Dark chocolate, avocados, nuts and seeds, oats and olive oil, fish and black beans. I always love telling folks what to ADD to their diets rather than take AWAY. It’s much more fun! Yes, there are food felons which should be limited like high saturated fatty foods like cheese, whole milk, cream, red meat as well as high sugary foods like cakes, cookies and candy bars which raise blood sugar and concomitantly, blood fats.
But this post is all about the beautiful food we need to be eating on a regular basis to keep our heart free of clogging debris gradually built from years of neglect and disconnect. By disconnect I mean not eating the foods we know will heal us and vice versa, eating foods we know will harm us.
If you’ve been following my blog you know I’m not a 100% kind of dietitian; it’s nearly impossible to tow the line all the time. I espouse to an 80/20 rule which states that success/health comes when we follow recommendations 80% of the time allowing for a 20% leeway to enjoy foods that are not necessarily on the heart-healthy list. Maybe you’re at a 60/40 or a 70/30. We all have improvements to make, so work to achieve an 80/20 and then feel good about your eating patterns. There might come a time when foods you thought you couldn’t live without no longer tug at your core desires and foods that heal your body become an integral part of your diet. Good for you! This is progress and is the path that moves us along the continuum to good health.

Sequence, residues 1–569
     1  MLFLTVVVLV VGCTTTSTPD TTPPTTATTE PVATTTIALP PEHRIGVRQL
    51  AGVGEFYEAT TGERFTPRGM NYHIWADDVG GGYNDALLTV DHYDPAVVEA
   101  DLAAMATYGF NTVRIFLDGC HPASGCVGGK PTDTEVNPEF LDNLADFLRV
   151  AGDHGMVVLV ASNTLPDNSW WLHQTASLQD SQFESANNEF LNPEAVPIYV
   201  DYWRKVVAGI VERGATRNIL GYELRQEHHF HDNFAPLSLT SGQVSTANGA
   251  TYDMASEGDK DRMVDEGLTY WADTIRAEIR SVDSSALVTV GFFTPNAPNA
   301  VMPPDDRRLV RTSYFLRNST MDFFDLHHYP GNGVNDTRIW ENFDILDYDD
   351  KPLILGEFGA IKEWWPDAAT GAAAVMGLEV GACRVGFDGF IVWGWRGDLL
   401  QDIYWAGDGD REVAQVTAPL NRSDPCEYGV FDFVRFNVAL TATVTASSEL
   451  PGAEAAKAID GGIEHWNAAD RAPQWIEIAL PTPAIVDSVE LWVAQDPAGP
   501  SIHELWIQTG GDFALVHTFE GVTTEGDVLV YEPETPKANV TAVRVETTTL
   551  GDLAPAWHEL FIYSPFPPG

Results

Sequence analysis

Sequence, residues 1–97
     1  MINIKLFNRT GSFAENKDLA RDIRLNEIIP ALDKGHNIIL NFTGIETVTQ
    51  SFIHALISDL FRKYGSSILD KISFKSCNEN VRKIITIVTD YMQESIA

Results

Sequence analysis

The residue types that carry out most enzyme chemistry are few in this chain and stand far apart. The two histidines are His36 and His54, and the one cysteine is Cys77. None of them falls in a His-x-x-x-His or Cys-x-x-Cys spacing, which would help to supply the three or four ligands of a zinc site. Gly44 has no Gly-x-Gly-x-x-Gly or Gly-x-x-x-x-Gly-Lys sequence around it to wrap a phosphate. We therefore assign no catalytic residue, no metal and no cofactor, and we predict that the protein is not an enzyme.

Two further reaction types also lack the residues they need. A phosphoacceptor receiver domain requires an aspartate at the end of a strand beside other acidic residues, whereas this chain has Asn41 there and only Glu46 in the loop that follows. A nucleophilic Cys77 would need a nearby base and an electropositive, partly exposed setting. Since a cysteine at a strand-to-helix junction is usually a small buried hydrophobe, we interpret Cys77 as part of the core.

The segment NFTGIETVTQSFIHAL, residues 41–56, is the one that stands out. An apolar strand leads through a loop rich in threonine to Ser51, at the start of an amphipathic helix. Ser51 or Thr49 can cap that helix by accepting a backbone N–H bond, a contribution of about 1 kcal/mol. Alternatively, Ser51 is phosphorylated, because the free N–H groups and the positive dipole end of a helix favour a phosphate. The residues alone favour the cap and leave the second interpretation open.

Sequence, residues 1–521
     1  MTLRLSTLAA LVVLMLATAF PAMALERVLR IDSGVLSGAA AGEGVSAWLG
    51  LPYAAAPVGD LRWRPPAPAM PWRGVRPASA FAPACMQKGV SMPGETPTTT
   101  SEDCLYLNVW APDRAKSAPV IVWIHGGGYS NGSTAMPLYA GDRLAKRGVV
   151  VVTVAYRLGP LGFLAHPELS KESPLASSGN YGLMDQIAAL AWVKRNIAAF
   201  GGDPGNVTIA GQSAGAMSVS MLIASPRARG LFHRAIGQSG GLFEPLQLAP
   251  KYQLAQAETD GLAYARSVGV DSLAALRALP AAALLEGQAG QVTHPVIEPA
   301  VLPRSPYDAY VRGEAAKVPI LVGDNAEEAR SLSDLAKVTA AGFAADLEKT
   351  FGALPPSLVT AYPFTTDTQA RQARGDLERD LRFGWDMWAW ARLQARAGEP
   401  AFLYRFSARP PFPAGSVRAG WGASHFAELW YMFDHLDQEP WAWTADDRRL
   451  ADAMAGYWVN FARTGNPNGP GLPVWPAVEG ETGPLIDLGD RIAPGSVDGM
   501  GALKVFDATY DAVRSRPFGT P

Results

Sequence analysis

1) Avocados and Olive Oil.
Rich in monounsaturated fats which are super heart-healthy, avocados provide a lovely creaminess we often miss when creams and cheeses are limited in the diet. Use on salads, in smoothies, as a spread on sandwiches, in dips and anywhere you want a smooth texture. A recommended amount is 1/2 avocado per day as a replacement for saturated fats. A recent study suggests that when an avocado is eaten daily, LDL-cholesterol (the “lousy” type of cholesterol) decreases. Good news for avocado lovers!
The American Heart Association provided this video demonstrating what to look for when choosing an avocado.
Another monounsaturated fat, olive oil helps keep arteries clear and inflammation down to a minimum. Olive oil is rich in omega-9 fatty acids, a member of the inflammation-cooling family which protect the heart. Look for extra-virgin olive oil (cold pressed, first harvest, with only 1% acid content, no more than two years old, sealed by the North American Olive Oil Association or the California Olive Oil Council). I use olive oil (or avocado or grapeseed oils) in salad dressings and occasionally saute with it if high heat is not needed. High heat will destroy much of the health properties of the oil. A recommended amount is 1-2 Tbsp per day.
2) Nuts and seeds.
Birds aren’t the only ones to love nuts and seeds. Most varieties are loaded with heart-healthy omega-3 fatty acids, another member of the inflammation-cooling, artery-protective family. Walnuts are particularly rich in ALA omega-3 (along with avocados, flax seeds, canola oil, chia seeds and purslane, a salad green.) ALA omega-3’s are plant-based and have been shown to reduce heart-attack risk by 60% and slashes “lousy” LDL-cholesterol when just 1 gram of ALA are eaten daily. That’s the equivalent of 7 walnut halves per day. Getting twice that is even better! A recommended amount is 1.1 – 1.6 grams per day.